(Afternoon only) The bass and piano play a big part in this track’s opening but the latter gets lost in the mix somewhat—overshadowed by the orchestra. Again the backing vocals aren’t as loud as I’d like (you can hear them as the instruments cool down, but only then). There is no messing about on this track by Elvis and he makes a great effort to get every part right. This compares to the version done in Hawaii for me, in terms of quality.

This only was the second time Elvis had sung this song in concert. His first performance of the Kui Lee classic was 6 months previous, at the opening show in Las Vegas, January 1972.

Suspicious Minds

It sounds like he is in a different venue on this track as something seems different with the mix and everything seems to have a little more echo. This widens the track and allows for the influx of all the extra instruments without causing a din. Everything has breathing space and despite Elvis voice being a little quiet compared to the instruments at times, this is a good mix.

In the evening performance Elvis doesn’t seem too bothered about this track in the opening moments, singing in a jovial manner, but eventually gets into the song. It’s interesting to see that again, they have placed a lot more emphasis on the backing vocals than the instruments in this mix. Again, it lacks the echo of the afternoon track but in my opinion, is better nonetheless. I think it sounds less messy than the version performed 6 hours before, where every instrument seemed to be competing against the other. The drums towards the end are given emphasis and it gives the song an extra kick.

For The Good Times

The harmonies here aren’t strong enough for me. Whether this is because of the way it has been remastered or the way it was on the day I don’t know but I’d amplify it if I was given the chance. The backing vocals on the other hand serve as a nice accompaniment. It is good to hear the piano back in the mix after being lost in the last track. You do have to listen hard for it though. On this song there is a real difference and the Afternoon mix stands out in a big way.

However in the evening the bass is really pronounced, almost too much, as it distracted me from the singing. The backing vocals sound a lot better coming out of just one speaker (the right) rather than both, as it makes them more noticeable. The harmonies on the other hand, are near enough completely lost, and I nearly deafened myself trying to listen for them.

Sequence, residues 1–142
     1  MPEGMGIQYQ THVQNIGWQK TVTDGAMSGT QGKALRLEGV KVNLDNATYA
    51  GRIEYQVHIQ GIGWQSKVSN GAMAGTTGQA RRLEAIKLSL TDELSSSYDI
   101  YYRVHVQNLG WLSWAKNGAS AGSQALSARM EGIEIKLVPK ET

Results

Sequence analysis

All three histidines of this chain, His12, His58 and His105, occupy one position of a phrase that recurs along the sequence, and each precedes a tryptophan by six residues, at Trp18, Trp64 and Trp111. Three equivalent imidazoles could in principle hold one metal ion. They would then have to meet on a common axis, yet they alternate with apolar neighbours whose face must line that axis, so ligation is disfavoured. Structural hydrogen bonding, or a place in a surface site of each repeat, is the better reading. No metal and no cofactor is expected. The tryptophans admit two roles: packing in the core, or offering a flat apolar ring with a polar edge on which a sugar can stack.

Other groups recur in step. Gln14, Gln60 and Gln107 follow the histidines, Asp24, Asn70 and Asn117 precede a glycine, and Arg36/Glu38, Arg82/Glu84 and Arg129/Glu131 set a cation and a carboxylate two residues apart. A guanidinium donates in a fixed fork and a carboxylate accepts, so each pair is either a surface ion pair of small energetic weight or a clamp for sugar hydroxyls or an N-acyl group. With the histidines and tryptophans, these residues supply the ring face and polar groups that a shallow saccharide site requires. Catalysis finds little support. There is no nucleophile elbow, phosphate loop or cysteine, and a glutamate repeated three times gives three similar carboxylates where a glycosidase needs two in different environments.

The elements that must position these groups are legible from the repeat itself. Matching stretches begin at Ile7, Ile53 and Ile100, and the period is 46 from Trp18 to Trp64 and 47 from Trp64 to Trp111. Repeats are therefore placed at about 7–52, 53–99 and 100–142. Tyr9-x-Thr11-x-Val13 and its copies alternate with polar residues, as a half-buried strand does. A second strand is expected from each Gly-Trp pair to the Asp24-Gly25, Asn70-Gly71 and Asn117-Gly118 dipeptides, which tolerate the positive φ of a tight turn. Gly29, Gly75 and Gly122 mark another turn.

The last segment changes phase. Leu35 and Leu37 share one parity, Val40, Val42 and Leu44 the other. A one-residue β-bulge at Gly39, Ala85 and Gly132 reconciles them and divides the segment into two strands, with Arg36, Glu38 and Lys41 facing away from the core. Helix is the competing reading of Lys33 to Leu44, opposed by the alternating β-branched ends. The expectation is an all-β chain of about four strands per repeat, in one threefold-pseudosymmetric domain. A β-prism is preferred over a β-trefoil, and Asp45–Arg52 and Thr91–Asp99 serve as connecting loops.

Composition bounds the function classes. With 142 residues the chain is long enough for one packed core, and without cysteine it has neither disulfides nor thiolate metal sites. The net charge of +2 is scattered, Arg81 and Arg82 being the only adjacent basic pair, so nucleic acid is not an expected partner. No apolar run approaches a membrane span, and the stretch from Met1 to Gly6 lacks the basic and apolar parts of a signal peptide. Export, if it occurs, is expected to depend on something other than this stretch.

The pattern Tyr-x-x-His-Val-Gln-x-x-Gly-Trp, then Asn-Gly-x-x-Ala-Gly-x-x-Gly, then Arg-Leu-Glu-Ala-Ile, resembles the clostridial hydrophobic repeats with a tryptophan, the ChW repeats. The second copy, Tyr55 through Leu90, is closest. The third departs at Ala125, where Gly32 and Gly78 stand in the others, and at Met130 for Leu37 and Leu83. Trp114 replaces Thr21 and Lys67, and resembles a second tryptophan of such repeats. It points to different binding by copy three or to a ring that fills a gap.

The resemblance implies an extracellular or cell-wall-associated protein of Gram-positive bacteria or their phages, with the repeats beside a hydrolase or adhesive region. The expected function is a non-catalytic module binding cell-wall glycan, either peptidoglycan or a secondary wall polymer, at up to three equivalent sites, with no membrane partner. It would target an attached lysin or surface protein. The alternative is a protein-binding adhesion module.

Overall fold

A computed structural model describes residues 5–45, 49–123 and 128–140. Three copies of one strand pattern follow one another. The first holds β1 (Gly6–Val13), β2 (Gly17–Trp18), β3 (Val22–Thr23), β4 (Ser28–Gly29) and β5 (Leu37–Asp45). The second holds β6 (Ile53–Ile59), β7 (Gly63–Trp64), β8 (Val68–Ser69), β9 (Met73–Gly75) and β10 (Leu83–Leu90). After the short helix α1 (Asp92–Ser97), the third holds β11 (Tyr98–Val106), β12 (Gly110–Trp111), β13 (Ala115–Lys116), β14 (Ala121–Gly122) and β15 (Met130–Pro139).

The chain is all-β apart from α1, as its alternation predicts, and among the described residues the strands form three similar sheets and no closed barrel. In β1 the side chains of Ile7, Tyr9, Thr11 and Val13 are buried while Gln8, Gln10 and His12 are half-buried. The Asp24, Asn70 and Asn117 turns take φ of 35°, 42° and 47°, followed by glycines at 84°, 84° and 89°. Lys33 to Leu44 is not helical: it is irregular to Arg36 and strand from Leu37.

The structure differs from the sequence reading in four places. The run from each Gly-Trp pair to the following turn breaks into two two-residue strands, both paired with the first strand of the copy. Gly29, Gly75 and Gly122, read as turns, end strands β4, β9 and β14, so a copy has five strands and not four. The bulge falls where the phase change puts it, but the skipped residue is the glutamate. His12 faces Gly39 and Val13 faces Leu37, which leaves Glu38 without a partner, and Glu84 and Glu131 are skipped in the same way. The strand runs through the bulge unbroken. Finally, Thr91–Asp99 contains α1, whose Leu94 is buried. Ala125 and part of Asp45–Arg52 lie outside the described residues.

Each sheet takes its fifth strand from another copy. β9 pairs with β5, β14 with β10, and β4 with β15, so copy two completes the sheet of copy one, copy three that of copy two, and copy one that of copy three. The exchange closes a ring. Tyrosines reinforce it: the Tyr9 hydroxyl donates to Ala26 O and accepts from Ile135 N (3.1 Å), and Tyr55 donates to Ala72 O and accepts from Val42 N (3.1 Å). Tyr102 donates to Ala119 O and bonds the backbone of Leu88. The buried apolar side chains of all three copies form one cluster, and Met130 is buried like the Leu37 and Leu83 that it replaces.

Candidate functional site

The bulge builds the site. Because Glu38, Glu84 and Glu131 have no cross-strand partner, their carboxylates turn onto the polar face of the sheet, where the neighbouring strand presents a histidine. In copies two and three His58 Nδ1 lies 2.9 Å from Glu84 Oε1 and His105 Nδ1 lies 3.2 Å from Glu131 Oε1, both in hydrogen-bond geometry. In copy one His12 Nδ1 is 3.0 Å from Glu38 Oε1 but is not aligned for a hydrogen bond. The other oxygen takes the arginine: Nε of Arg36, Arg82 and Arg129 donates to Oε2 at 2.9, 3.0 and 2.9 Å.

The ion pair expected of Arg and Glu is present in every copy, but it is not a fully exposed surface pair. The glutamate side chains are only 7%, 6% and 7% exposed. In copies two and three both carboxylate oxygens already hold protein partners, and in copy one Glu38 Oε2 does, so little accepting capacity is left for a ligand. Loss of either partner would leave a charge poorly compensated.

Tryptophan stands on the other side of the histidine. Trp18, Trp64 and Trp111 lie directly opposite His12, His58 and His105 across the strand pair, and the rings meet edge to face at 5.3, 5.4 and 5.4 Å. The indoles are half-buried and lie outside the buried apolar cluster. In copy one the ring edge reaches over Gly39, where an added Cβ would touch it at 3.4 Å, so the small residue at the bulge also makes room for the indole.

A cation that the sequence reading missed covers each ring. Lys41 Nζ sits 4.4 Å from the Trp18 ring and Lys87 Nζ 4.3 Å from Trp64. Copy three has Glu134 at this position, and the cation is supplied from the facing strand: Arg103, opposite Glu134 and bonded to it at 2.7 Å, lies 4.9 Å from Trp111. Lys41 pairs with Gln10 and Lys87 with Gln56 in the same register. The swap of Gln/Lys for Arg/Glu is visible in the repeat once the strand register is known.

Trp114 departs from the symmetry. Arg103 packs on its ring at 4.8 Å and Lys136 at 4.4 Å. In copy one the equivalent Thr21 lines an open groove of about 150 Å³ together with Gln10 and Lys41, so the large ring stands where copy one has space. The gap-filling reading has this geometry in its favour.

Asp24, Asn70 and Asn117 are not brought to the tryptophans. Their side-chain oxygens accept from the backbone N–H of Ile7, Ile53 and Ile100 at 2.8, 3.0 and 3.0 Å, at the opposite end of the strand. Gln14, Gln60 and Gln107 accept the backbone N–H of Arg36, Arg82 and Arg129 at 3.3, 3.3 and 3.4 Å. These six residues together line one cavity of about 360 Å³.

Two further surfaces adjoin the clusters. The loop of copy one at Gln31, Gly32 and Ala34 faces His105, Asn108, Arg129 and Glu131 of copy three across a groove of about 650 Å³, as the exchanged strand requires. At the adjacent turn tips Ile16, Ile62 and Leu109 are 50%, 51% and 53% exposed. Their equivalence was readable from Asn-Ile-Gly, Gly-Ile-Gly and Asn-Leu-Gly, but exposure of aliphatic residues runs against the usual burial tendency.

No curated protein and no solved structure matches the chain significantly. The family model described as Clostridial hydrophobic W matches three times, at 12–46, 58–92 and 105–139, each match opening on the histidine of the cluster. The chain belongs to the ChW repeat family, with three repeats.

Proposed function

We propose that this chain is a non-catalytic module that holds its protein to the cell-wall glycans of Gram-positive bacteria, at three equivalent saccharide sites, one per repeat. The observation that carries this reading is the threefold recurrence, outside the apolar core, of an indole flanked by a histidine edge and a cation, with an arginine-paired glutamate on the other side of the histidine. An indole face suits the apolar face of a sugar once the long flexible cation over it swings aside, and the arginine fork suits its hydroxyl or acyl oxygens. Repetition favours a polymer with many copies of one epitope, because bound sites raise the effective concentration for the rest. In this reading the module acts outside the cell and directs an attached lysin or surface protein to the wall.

As for Elvis, if it wasn’t for the mix I don’t think the average fan would be able to tell the difference, the performances are pretty much identical.

 

An American Trilogy

Elvis tries his hardest to give meaning to this song and make it emotional, but it is marred by a crowd that reacts like he is doing Hound Dog. I can’t moan about the mix here though; it is excellent and clear and Elvis’ voice is strong. He does come in early on the second part of the song which ruins the bass. It is quickly recovered by a fast thinking band but it has always annoyed me. It is a good version of a timeless classic with the exception of the blooper by Elvis.

Elvis is cheekier in this version as he responds to the crowd with a shrill but humorous "What?" to laughs from his band. This again is a good mix which allows every instrument to work without being overshadowed by any others.

Funny How Time Slips Away

This is almost identical to the version from the Greensboro concert of April 14th 1972. He shows off the capabilities of his voice in this song by switching octaves near the end of the song with a great success (would you expect anything less?)

Again this is another good performance by Elvis that I can’t fault. He adds to the song and when he has the "conversation" with the guitar at the end it is not too silly; he does not snore or make a comment. It is definitely a better version than the one performed in the afternoon.

I Can’t Stop Loving You

Elvis puts a lot of effort into this song and has a lot of fun with it. The mix is fairly good with his voice booming over the loud orchestra and band that stand behind him.